Without passing Bangsamoro law, more Muslims may join radical groups

Posted on December 21, 2015

DAVAO CITY -- The failure to pass the proposed Bangsamoro Basic Law (BBL) may become a vehicle for more members of the Moro community to be radicalized, an official warned.

Iqbal: ‘Frustrated’ groups may join radicals -- AFP
“We are very much concerned because it may become a rallying point of those radicalized individuals (within the ranks of the Moro community) as the continue their activities that are contrary to attaining peace,” Dr. Saffrullah M. Dipatuan, executive director of the Bangsamoro Development Agency (BDA), said.

In a separate interview, Mohagher Q. Iqbal, chief negotiator of the Moro Islamic Liberation Front (MILF), expressed the same sentiments, asserting that the proposed law’s non-passage or prolonged delay could lead to more radicalization in Mindanao.

“The expectation among the Bangsamoro community that it [BBL] will be passed is really high. And given that frustrations can be contagious and toxic like poison, no one can really tell how wide it would spread if lawmakers would not be able to pass the BBL,” Mr. Iqbal said in a phone interview.

Individuals or groups “frustrated” with the process could choose to join radicalized groups like the Abu Sayyaf and the Bangsamoro Islamic Freedom Fighters, he said.

The delay or the outright non-passage of the Bangsamoro law “has an effect on the MILF because it (non-passage of the BBL) diminishes our legitimacy that we can deliver on our promises of change to our people in our negotiations with the government. We have been negotiating and working with the government for a long time so it would be frustrating if we go back to zero,” he said.

Bangsamoro development plan to face rough sailing

Similarly, Mr. Dipatuan pointed out that without passing the law creating an autonomous government and region for Muslims, the implementation of the Bangsamoro Development Plan will face rough sailing. Launched in November 2013, the plan needs P110 billion in funds from both the government and the international donor community.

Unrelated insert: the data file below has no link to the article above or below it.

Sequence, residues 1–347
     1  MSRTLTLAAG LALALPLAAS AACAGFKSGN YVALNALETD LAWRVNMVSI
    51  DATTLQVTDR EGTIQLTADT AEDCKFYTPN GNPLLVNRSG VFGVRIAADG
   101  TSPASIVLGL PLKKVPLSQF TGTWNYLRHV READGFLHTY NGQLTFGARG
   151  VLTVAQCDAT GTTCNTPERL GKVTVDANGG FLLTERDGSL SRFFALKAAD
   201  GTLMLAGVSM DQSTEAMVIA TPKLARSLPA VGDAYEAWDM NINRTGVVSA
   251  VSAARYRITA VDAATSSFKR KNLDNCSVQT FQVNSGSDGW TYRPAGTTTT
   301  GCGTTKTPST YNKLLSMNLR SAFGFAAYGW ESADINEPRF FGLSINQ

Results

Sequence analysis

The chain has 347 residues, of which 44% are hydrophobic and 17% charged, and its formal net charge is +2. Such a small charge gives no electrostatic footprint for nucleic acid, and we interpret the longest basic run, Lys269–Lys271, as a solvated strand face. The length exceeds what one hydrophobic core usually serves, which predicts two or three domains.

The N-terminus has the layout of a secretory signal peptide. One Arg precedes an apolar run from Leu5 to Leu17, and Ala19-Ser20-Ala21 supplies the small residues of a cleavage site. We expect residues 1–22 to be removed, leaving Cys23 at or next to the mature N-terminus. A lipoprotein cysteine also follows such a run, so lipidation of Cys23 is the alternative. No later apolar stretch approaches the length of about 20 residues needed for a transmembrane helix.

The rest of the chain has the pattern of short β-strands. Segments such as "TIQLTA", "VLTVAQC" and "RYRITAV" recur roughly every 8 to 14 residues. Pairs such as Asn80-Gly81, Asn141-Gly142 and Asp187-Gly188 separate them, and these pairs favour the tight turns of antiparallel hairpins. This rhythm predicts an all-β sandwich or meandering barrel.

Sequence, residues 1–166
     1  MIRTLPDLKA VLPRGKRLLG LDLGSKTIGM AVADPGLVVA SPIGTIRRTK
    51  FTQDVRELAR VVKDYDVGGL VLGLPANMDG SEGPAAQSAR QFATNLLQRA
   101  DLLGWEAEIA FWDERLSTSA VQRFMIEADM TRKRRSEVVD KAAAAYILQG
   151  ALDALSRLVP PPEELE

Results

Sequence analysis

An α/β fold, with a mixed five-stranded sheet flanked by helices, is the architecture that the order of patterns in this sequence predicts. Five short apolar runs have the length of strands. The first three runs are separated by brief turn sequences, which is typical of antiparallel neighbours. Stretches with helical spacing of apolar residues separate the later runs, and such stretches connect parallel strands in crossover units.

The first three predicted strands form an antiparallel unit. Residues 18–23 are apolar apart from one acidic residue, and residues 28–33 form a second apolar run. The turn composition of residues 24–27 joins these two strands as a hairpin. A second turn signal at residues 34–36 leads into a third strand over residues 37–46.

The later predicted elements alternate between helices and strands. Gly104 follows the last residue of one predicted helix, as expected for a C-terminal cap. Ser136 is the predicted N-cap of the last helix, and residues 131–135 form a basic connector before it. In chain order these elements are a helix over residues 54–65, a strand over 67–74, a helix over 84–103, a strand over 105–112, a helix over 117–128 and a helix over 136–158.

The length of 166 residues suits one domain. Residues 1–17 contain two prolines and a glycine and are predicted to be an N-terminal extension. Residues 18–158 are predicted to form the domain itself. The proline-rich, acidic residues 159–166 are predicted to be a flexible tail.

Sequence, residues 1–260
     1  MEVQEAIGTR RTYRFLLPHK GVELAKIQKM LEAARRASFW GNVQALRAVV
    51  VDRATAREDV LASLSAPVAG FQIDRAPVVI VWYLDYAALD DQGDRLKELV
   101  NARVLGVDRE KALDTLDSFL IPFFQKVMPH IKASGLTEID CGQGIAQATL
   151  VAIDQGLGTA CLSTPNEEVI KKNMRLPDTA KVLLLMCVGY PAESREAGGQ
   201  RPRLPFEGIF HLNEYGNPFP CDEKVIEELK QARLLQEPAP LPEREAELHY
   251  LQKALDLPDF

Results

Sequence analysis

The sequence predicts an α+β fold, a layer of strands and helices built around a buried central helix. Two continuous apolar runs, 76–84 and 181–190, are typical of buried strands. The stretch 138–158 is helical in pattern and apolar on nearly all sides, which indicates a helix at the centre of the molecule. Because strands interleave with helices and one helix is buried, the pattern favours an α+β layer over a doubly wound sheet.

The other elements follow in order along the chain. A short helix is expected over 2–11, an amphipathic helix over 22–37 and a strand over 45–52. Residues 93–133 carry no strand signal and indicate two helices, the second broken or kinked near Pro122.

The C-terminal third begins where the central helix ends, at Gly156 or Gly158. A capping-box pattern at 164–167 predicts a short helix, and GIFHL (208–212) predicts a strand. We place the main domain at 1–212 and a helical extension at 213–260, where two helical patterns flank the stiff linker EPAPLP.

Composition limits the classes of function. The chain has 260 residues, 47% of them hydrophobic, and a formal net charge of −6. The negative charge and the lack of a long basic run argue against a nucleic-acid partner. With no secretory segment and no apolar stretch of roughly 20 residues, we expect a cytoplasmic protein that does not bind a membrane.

“There is no doubt that it would be easy to implement the plan if BBL is passed. But without the BBL, the simple thing is that the plan cannot be implemented in full,” he said.

What can be implemented are small but quick-impact projects which would help the communities have confidence that the peace process will continue, he added.

However, the agency has not given up on the proposed law’s passage because there have been lawmakers who have been pushing for its approval such as Senate President Franklin M. Drilon and Cagayan de Oro Rep. Rufus B. Rodriguez, who sponsored the law at the House of Representatives.

The BDA, which serves as a government conduit to assist Mindanao communities in drafting and eventually implementing projects in communities, was established as a confidence-building mechanism between the government and the MILF. It has been drawing funds from the Mindanao Trust Fund with about $28 million starting in 2004.

“I just want to emphasize that the fund does not go to the BDA, but directly to the people’s organizations that help communities that need assistance,” he said.

But even without the proposed law’s passage, the agency remains committed to continue “supervising and facilitating” in the implementation of key projects not only in Moro communities, but also in other areas within Mindanao.

“The BDA will continue to serve the communities, be it the communities of the Moro people or of the settlers or of the indigenous people,” he said. “Many of these communities have developed their knowledge in sustaining the projects that will help their livelihood activities.”

He said what the BDA is doing is providing technical assistance to communities through people’s organization which help identify the projects for their respective communities. -- Carmelito Q. Francisco and Alden M. Monzon